The Battle For Bitcoin's Shifting Exchange Volumes is Escalating

Bitcoin traders have new uncertainty to deal with as exchanges that once dominated trading volume fall by the wayside and new exchanges rise up.

AccessTimeIconJan 31, 2017 at 12:46 a.m. UTC
Updated Sep 11, 2021 at 1:03 p.m. UTC
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Bitcoin traders have long been skeptical of the reliability of available exchange data – but that uncertainty has been on the rise in recent days.

To recap, up until recently, China-based exchanges BTCC, Huobi and OKCoin dominated the landscape in terms of volume (though these figures were long observed with skepticism). However, this reign was cut short earlier in January when the startups came under the scrutiny of the People's Bank of China (PBOC), the country's central bank.

The result has been a series of policy changes, the abrupt end to popular trading features like margin trading and a rapid decline in the volume at the three exchanges, developments that are now impacting the wider market.

In recent days, new no-fee exchanges are now ranking among the top 10 in volume, resulting in a bitcoin exchange leaderboard that looks markedly different than it did last week.

At first, no-fee exchanges such as BTC100 and CHBTC moved to the front of the pack in terms of trading volume, but this, too, is now shifting.

As of today, BTC100, a no-fee exchange, held the top spot with roughly 32,600 BTC worth of trading volume during the 24 hours through roughly 22:00 UTC, CoinMarketCap data shows.

XBTCe and Poloniex, which both charge trading fees, held second and third place with more than 17,100 BTC and less than 17,100 BTC, respectively.

New opportunities

But while there is a fair amount of market confusion, what the takeaway might be is that the PBOC has effectively created new opportunities for smaller operations to compete by pushing for changes only for certain market participants.

Chris Burniske, blockchain products lead for investment manager ARK Invest, spoke to these recent developments, and drew a similar conclusion.

"Since liquidity is king for exchanges, and liquidity begets liquidity, the decrease in trading volumes on Chinese exchanges has opened up the market for exchanges around the world to stake a claim as one of the most liquid exchanges in the world," he told CoinDesk.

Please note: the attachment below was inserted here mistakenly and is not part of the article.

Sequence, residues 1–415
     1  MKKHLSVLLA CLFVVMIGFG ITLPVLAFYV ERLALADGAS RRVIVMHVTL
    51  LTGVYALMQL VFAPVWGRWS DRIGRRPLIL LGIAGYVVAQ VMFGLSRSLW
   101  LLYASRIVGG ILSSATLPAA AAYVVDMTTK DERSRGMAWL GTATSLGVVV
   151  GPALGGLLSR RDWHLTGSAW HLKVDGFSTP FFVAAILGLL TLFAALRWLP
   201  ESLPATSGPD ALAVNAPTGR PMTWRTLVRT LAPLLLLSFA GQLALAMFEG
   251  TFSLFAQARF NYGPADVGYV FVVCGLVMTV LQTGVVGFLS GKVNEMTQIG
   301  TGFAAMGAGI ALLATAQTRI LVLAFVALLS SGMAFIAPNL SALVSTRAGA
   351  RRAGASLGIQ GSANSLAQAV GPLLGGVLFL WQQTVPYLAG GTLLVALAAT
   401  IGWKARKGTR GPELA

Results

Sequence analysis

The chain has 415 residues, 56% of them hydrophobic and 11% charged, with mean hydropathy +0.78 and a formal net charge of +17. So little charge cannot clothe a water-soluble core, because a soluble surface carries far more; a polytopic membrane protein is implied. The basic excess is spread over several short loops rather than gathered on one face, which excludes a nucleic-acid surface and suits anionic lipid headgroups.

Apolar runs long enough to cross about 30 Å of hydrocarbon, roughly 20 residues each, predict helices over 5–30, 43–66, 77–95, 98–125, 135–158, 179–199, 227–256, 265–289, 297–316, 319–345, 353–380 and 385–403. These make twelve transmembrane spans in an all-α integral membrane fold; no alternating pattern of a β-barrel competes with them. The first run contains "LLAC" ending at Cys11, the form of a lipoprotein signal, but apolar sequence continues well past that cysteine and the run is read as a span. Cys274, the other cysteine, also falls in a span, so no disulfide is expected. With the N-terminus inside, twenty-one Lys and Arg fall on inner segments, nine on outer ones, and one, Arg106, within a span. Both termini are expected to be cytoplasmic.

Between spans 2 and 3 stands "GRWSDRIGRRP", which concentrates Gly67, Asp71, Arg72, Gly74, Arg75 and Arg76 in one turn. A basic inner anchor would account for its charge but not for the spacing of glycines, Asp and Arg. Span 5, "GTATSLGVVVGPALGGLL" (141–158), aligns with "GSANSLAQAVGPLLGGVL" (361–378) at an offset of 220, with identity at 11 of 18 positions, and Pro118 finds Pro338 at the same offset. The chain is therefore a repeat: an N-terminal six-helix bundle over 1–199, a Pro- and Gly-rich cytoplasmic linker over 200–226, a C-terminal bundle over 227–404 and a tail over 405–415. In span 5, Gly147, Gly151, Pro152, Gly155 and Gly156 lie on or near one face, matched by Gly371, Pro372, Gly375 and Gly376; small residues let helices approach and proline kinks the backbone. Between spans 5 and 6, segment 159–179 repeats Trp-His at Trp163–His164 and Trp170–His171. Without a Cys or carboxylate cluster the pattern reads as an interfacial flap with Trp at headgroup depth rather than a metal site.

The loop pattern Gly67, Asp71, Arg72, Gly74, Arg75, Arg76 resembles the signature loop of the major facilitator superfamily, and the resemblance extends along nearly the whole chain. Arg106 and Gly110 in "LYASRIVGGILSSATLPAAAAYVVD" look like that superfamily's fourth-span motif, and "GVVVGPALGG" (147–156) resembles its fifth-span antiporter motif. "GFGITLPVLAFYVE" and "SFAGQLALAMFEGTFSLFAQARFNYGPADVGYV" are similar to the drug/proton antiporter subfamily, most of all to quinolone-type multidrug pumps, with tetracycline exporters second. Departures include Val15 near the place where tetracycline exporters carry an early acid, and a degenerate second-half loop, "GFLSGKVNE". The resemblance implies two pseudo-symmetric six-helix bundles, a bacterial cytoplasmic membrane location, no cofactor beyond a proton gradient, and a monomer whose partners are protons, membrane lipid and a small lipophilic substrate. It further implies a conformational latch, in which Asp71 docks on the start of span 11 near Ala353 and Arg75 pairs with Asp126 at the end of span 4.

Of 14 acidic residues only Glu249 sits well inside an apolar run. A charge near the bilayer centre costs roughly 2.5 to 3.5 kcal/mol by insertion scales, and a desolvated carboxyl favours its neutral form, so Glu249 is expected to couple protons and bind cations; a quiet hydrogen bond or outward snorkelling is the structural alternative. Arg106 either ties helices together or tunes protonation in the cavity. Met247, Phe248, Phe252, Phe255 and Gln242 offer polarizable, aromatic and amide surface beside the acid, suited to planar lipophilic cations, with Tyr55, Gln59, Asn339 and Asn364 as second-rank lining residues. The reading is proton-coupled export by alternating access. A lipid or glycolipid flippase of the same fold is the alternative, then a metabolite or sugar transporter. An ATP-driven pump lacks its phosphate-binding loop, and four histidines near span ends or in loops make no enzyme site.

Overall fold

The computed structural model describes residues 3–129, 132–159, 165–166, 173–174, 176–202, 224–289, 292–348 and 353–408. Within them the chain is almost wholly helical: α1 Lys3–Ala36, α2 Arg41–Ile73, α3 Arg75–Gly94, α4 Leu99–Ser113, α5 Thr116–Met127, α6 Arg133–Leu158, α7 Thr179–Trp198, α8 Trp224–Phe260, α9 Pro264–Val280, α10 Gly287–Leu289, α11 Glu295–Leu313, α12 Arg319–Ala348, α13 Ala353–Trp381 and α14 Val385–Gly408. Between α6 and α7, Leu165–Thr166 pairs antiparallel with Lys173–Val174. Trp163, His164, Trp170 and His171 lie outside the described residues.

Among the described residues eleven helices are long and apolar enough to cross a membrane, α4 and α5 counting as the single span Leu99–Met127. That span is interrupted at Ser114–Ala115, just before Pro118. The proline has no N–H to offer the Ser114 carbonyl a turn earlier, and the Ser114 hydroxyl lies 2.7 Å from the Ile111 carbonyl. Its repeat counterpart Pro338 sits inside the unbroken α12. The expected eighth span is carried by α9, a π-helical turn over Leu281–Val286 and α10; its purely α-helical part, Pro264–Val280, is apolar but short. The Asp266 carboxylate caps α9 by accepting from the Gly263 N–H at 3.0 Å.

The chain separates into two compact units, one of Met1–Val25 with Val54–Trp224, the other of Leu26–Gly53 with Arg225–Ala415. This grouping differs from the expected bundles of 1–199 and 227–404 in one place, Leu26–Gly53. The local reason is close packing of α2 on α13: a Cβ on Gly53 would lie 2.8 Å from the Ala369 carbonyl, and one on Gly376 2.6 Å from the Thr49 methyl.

Burniske further commented on how he expects some exchanges to take advantage of the situation by cutting prices. London-based Coinfloor, for example, is one such exchange that has already slashed fees since the PBOC's actions first began.

Petar Zivkovski, COO of leveraged bitcoin trading platform Whaleclub, offered a similar view on how marketplaces may respond to the situation.

"Many exchanges may be using this as a marketing opportunity: by offering zero fees and pumping their volumes up, they appear at the top of the charts," he told CoinDesk.

Discussions ongoing

As of now, there are signs the exchanges themselves are aware of the current environment, signaling further updates could be ahead.

BTCTrade co-founder and CEO Zhang Shousong, for example, acknowledged that his China-based exchange has seen new volumes because it has yet to increase fees for users, though he said that he has been in talks with other major exchanges about its policies.

He said the exchange is considering following the lead of the other exchanges, in part, because their heightened volumes were what drew scrutiny from regulators.

"We all want to reduce the heat of China's bitcoin trading," he said.

When asked if BTCTrade could move to alter its fees, Zhang told CoinDesk:

"We are considering"

Medieval weaponry via Shutterstock


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